DHAKA, Bangladesh (AP) — Bangladesh counterterrorism officers are questioning the wife and other relatives of a man accused of carrying out a bomb attack in New York City's subway system, officials said Tuesday.
Bangladesh's government condemned the attack, saying it opposes all forms of terrorism and violent extremism.
U.S. authorities have identified the suspect as Akayed Ullah, a 27-year-old Bangladeshi immigrant. Ullah is accused of strapping a crude pipe bomb to his body and detonating it during rush hour Monday in an attack in which only he was seriously wounded.
Relatives and police said Ullah last visited Bangladesh in September to see his wife and newborn son. He left both behind when he returned to the United States.
Ullah arrived in the United States in 2011 and the Department of Homeland Security said he is a lawful permanent resident of the U.S. who was living in Brooklyn. He came to the U.S. on a visa issued to him based on a family connection to a U.S. citizen.
Law enforcement officials familiar with the investigation said Ullah had looked at Islamic State group propaganda online and told investigators he was retaliating against U.S. military aggression, but had no direct contact with the group. The people spoke on the condition of anonymity because they weren't authorized to speak publicly about the blast.
Ullah's uncle, Abdul Ahad, said the suspect mostly remained inside a small apartment in Dhaka's Hazribagh area when he recently visited Bangladesh.
"He went out of his residence to offer prayers at a nearby mosque," Ahad told The Associated Press.
He said Ullah arrived in Bangladesh on Sept. 8 and returned to New York on Oct. 22.
"He stayed with his wife and 6-month-old baby boy," he said, adding that Ullah was a quiet person who rarely socialized.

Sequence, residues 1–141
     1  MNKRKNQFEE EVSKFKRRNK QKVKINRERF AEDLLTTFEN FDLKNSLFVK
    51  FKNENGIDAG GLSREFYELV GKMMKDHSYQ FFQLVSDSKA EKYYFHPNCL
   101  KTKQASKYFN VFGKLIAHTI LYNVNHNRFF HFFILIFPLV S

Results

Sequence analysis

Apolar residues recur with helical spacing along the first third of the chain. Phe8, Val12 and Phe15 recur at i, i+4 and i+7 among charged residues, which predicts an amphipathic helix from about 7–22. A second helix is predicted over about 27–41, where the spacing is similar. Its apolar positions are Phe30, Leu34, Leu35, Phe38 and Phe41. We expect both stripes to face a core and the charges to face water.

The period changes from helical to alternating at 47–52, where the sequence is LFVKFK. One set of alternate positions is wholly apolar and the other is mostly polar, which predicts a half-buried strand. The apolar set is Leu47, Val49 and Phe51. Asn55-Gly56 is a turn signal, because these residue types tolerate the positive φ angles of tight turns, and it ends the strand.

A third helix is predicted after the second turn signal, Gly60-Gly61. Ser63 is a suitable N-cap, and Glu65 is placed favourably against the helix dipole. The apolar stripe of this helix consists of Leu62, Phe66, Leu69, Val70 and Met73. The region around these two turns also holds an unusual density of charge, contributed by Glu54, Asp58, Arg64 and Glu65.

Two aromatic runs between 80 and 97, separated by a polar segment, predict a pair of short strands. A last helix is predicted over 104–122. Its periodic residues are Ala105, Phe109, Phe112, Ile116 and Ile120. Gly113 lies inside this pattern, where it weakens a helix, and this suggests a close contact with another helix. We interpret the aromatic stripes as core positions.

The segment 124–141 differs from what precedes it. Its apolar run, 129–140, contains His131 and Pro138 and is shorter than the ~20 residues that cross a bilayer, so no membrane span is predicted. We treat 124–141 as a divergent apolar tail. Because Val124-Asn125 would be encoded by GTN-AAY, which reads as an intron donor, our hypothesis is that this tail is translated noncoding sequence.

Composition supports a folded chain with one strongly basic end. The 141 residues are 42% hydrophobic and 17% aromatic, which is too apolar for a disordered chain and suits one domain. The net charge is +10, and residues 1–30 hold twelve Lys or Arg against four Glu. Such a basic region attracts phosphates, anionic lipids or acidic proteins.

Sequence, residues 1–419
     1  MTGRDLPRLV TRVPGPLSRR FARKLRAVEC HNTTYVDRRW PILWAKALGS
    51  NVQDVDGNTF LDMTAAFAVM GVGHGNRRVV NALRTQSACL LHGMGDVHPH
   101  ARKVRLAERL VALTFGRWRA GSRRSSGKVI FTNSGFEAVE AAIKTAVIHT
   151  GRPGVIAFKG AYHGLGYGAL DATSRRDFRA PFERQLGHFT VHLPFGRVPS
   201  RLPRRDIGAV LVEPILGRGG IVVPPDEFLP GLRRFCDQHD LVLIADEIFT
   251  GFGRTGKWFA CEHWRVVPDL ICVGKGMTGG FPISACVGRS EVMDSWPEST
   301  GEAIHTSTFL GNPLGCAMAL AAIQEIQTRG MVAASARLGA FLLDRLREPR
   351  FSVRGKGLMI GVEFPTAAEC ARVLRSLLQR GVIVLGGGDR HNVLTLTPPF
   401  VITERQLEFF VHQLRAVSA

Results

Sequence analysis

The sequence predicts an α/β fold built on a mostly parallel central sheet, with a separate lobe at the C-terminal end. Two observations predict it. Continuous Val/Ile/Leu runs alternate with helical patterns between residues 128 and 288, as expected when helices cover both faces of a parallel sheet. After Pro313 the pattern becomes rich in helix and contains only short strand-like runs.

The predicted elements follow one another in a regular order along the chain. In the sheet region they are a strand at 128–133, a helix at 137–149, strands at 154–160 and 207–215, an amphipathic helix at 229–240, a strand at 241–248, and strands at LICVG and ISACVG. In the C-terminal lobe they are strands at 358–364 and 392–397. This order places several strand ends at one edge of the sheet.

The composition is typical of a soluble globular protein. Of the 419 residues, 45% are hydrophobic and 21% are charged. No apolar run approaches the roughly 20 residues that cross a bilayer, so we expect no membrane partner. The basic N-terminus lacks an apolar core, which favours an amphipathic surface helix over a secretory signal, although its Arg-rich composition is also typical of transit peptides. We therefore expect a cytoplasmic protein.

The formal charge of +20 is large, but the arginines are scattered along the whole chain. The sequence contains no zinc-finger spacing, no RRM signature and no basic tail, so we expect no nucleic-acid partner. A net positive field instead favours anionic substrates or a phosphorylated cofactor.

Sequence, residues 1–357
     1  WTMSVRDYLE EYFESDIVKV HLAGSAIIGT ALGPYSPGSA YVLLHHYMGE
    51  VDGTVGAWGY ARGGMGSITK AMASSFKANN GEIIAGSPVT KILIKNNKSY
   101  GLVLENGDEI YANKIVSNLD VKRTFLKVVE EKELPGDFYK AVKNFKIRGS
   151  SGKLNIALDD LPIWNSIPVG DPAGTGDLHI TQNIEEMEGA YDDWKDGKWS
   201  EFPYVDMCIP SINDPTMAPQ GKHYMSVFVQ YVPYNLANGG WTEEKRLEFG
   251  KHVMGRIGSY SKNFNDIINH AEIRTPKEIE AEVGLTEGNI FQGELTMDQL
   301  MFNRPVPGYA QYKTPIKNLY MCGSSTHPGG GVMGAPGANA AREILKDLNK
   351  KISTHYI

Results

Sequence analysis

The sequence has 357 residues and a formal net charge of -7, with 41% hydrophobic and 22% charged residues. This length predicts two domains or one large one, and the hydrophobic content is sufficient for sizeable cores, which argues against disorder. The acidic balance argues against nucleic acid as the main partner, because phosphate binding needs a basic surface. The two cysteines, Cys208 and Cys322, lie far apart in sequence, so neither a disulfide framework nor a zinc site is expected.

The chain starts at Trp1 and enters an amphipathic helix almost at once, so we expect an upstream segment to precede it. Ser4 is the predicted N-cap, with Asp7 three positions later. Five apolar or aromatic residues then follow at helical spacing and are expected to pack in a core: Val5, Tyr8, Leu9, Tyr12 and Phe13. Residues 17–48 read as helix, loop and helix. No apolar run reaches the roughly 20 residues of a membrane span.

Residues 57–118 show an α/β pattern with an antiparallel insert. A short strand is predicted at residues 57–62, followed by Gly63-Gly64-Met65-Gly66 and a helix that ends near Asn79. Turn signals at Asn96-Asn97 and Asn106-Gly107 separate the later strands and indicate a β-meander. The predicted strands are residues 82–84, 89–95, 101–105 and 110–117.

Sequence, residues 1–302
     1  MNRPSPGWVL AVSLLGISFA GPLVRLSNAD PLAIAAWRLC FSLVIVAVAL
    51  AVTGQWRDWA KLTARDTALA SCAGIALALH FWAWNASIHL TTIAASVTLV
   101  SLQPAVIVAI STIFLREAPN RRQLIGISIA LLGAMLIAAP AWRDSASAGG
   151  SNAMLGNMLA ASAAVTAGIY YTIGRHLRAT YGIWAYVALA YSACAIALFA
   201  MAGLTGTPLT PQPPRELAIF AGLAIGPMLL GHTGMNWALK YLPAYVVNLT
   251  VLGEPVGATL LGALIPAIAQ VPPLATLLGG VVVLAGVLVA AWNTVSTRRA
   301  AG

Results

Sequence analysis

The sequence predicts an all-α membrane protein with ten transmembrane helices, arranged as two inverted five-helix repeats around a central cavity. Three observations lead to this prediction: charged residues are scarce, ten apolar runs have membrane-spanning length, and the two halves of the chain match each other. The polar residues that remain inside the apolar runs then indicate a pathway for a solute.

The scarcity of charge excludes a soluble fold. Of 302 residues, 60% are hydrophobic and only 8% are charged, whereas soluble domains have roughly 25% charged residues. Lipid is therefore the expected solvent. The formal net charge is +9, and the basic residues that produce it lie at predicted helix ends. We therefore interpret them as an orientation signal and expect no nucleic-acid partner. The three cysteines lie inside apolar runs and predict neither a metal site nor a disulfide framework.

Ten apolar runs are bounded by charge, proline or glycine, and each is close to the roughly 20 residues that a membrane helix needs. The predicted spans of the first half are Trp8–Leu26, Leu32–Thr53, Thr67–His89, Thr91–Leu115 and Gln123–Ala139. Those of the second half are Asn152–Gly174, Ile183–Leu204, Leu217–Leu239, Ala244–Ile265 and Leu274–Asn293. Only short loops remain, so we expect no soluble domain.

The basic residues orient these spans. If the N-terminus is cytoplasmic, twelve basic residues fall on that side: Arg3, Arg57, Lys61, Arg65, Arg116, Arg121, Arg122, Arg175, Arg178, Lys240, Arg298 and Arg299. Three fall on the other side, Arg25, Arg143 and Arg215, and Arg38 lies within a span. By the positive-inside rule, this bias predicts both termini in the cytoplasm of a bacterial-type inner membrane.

Ahad said Ullah also returned to Bangladesh two years ago to get married and stayed then for about three months.
Ahad, Ullah's wife and her parents are being interrogated by officials from Bangladesh's Counter Terrorism and Transnational Crime Department, said Abdul Mannan, an official involved in the investigation.
Mannan said Ullah appeared to have no criminal record in Bangladesh and was not a known member of any militant group.
The government said in a statement that "Bangladesh is committed to its declared policy of 'zero tolerance' against terrorism, and condemns terrorism and violent extremism in all forms or manifestations anywhere in the world, including Monday morning's incident in New York City."
Bangladesh, a Muslim-majority country governed by largely secular laws, has struggled with a rise in radical Islam in recent years.
In July last year, the country was shocked when five young men who reportedly belonged to the domestic militant group Jumatul Mujahedeen Bangladesh attacked a popular restaurant frequented by foreigners and wealthy Bangladeshis, leaving 20 hostages, including 17 foreigners, dead. During the attack the men sprayed bullets and threw grenades.
Smaller attacks have targeted secular academics, atheist bloggers, foreigners and members of the country's tiny Hindu minority.
The Islamic State group claimed responsibility for most of the attacks, including the one at the restaurant, but the government of Prime Minister Sheikh Hasina denied that the Sunni extremist group has any presence in the impoverished country. The government has blamed the attacks on local radical groups.
Over the last year, the government has intensified a crackdown on Islamist militants and has killed dozens of suspects, including some accused of being the masterminds of the restaurant attack.
Associated Press writer Colleen Long in New York contributed to this report.
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